The American Revolution, the British monarchy are fresh and entertaining in two new shows

What works so well in all this is the development of the characters. Hamilton is an over-eager, passionate, and dedicated man. His failings — a sexual affair, his inappropriate affection for his sister-in-law, and his belligerence — are perfectly suited to the rap and R&B score Miranda has created. And Miranda deserves high marks for turning a debate on monetary policy into a heart-pounding duet. There are a few moments when rap lyrics feel as though they've been poleaxed into place, but for the most part they are extraordinary, with internal rhyme structures that are simply brilliant. Miranda has established himself as a great contemporary lyricist.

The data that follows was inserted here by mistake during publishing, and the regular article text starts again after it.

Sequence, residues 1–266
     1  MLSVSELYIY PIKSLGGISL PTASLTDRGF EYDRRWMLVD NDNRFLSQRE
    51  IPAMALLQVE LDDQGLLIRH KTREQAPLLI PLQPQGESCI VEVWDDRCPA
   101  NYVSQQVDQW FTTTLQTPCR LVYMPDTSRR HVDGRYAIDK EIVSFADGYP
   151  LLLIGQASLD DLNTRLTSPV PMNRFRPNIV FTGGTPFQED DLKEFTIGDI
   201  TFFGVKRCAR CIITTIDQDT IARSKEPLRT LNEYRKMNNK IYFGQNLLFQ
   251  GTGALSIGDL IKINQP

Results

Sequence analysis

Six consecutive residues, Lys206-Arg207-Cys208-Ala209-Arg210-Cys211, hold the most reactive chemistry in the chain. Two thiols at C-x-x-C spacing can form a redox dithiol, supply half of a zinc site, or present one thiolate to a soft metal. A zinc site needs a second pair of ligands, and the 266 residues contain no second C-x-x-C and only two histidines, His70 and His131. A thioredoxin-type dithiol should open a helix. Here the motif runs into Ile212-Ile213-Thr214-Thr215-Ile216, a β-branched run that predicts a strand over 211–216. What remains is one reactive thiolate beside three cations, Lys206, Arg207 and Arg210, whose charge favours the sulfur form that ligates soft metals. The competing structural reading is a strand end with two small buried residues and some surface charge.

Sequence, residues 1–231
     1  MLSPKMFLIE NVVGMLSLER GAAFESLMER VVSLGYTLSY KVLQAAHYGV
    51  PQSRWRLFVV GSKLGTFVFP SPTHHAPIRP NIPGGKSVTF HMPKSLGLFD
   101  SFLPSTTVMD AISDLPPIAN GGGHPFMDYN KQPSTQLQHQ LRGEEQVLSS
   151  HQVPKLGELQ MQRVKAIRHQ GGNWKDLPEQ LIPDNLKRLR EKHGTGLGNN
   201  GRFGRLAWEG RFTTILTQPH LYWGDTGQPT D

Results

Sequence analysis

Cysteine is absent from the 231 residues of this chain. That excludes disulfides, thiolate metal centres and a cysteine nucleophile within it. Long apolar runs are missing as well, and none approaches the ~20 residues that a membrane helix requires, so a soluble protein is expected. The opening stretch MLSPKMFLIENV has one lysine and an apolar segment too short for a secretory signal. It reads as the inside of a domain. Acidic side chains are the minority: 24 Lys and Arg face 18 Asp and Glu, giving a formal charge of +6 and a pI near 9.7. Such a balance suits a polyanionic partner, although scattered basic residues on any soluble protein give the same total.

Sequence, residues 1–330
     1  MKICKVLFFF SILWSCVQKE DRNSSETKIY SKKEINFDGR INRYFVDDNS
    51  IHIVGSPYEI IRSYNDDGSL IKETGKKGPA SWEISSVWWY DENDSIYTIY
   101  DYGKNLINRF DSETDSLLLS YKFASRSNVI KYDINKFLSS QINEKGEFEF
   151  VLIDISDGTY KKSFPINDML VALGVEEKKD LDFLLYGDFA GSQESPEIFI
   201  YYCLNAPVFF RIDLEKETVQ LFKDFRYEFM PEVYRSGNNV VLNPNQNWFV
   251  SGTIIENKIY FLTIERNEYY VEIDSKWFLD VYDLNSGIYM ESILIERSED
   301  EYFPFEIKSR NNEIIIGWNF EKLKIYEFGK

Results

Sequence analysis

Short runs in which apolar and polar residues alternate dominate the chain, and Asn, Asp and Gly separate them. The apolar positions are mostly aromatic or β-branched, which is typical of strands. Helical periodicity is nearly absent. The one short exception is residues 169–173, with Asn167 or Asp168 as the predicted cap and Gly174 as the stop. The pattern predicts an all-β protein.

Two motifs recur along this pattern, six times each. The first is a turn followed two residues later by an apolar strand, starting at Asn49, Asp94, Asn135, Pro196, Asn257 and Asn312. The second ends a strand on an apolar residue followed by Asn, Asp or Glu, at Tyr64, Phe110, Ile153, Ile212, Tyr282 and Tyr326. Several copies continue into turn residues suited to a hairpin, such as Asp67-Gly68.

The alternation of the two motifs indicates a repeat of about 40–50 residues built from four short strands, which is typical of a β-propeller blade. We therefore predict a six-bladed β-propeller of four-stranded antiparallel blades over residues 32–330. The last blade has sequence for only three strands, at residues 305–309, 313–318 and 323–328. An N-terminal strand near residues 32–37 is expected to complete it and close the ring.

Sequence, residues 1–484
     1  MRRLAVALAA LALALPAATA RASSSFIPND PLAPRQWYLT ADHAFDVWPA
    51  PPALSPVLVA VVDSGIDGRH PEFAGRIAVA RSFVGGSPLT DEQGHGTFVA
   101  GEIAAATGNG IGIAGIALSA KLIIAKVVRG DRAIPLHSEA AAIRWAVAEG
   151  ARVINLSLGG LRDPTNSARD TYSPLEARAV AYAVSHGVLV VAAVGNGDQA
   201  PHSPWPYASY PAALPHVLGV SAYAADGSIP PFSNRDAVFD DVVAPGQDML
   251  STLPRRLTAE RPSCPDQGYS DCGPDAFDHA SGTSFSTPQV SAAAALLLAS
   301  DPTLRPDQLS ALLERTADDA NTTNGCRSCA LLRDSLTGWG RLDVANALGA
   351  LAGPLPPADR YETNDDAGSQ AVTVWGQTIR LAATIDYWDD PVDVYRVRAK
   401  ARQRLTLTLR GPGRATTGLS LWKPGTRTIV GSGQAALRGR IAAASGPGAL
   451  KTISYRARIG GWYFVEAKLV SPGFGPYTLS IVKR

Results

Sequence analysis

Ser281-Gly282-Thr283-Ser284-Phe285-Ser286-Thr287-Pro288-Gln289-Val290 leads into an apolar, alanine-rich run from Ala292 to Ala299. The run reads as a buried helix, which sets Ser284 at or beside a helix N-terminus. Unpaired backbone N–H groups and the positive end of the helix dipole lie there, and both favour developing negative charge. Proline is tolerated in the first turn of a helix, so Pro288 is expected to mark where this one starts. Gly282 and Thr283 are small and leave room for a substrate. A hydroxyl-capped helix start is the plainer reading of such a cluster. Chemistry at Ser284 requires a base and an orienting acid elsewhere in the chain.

The one discordant note in the piece is the depiction of King George III as a petulant fop. In fact, the need to portray him in the conventional theatrical shorthand for gay is lazy and an easy laugh that doesn’t even attempt to sketch in the realities of the character. There may not be time to get into the complexities of British politics that George faced, but the portrayal is nonetheless gratuitous and glaringly out of place. Still, the king’s song “You’ll Be Back” is funny, and in this brief role Jonathan Groff, done to the teeth in velvet and ermine, is delightful. You will probably laugh, but it’s still a cheap shot.